The instructor expects students to write organized answers to essay-style questions. Answers that have weak organization may result in a penalty. For example, an answer was so disorganized that it took significant work to find the relevant material in the mass of irrelevancy. Do not miss the point of the question and spend a lot of space on irrelevant material. If you do not know the answer to a question, leave the question blank. Inappropriate use of the English language, including grammar, punctuation, spelling, and capitalization may result in a penalty. The instructor expects students to write legibly; sloppy handwriting may result in a penalty.

    Extra credit work and/or points may be given. If circumstances beyond the student’s control prevent completion of course requirements, a student may request an incomplete grade from the instructor. It is the instructor’s decision to grant or deny a request for an incomplete grade. Requests for an incomplete grade must be made on or before the date of the final examination. Depending on the situation (especially in an emergency situation that had prevented a student from taking the final examination), requests for an incomplete grade may be made after the final examination as long as the final grades for the course had not been entered into the university’s academic computer grading system. The final grades for the course will be available to students immediately after they are electronically submitted. The final grades will be submitted by the university final grade submission deadline (which can be found on the university website). Please note that submitted grades cannot be updated.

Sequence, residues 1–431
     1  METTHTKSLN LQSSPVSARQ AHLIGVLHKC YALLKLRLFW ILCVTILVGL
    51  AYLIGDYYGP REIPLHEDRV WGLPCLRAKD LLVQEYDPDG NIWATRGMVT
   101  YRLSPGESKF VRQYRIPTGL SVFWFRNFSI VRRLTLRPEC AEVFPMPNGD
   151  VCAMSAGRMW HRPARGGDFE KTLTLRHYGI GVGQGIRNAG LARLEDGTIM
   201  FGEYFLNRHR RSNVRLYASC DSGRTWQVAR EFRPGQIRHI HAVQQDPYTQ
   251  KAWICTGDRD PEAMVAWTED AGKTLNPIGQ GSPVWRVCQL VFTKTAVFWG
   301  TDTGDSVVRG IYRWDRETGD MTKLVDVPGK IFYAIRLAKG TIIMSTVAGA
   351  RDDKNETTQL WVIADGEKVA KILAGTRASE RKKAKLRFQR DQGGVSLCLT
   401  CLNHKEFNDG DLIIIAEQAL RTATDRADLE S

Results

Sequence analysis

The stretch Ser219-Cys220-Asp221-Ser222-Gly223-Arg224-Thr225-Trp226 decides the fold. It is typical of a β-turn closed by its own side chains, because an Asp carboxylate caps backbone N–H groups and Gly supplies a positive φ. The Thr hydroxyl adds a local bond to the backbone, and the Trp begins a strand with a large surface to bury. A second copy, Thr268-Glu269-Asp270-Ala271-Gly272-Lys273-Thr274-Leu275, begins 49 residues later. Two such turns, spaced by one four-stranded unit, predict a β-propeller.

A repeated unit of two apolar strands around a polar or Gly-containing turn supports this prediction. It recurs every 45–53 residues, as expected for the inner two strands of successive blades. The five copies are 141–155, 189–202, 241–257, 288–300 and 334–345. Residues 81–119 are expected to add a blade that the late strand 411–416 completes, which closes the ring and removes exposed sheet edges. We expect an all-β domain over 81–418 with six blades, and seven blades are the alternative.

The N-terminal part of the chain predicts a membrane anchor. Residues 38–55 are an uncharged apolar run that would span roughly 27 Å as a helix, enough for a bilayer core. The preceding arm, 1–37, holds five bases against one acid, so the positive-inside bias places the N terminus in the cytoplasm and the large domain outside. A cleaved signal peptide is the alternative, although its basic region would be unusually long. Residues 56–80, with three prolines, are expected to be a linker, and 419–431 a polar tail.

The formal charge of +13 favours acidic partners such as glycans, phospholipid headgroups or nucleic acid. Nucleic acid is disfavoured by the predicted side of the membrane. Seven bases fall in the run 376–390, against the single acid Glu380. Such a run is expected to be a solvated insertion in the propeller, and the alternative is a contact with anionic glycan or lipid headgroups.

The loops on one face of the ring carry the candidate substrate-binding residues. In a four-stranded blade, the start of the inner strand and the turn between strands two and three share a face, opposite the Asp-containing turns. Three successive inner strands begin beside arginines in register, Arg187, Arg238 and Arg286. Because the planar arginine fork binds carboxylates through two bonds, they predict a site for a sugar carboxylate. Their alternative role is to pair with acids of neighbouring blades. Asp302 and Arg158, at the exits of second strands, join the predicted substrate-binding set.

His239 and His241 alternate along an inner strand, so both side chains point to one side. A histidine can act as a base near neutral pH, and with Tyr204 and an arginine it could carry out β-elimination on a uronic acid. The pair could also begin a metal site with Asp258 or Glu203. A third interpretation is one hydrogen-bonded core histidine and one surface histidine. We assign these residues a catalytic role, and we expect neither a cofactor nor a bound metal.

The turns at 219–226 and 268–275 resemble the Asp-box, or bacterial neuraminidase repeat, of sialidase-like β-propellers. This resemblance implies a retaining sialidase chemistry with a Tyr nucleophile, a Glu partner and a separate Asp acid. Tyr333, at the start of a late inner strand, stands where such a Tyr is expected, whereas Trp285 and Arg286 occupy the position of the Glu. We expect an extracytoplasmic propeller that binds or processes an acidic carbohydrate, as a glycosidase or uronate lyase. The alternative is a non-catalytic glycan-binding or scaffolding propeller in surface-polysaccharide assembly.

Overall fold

Academic Honesty
    All class assignments are to be done independently, unless specified. If in my judgment a student is found cheating on an examination, assignment, or quiz, the student will be penalized. I consider the person who did the work (examination, assignment, or quiz) and the person copying the work as both cheating. Students should save all developmental copies of their assignments so that individual assignment development can be verified to me if I think it is necessary.

    The Department of Computer Science employs a no tolerance policy on cheating. Cheating includes, but is not limited to, copying others work, misrepresenting the work of others as your own (including online sites), plagiarism, sharing when unauthorized, and the use of cellular phones and/or electronic media when unauthorized. The following outlines the departmental procedure if a student is suspected of cheating during his or her academic tenure with the Computer Science Department at Norfolk State University.

      Offense 1 –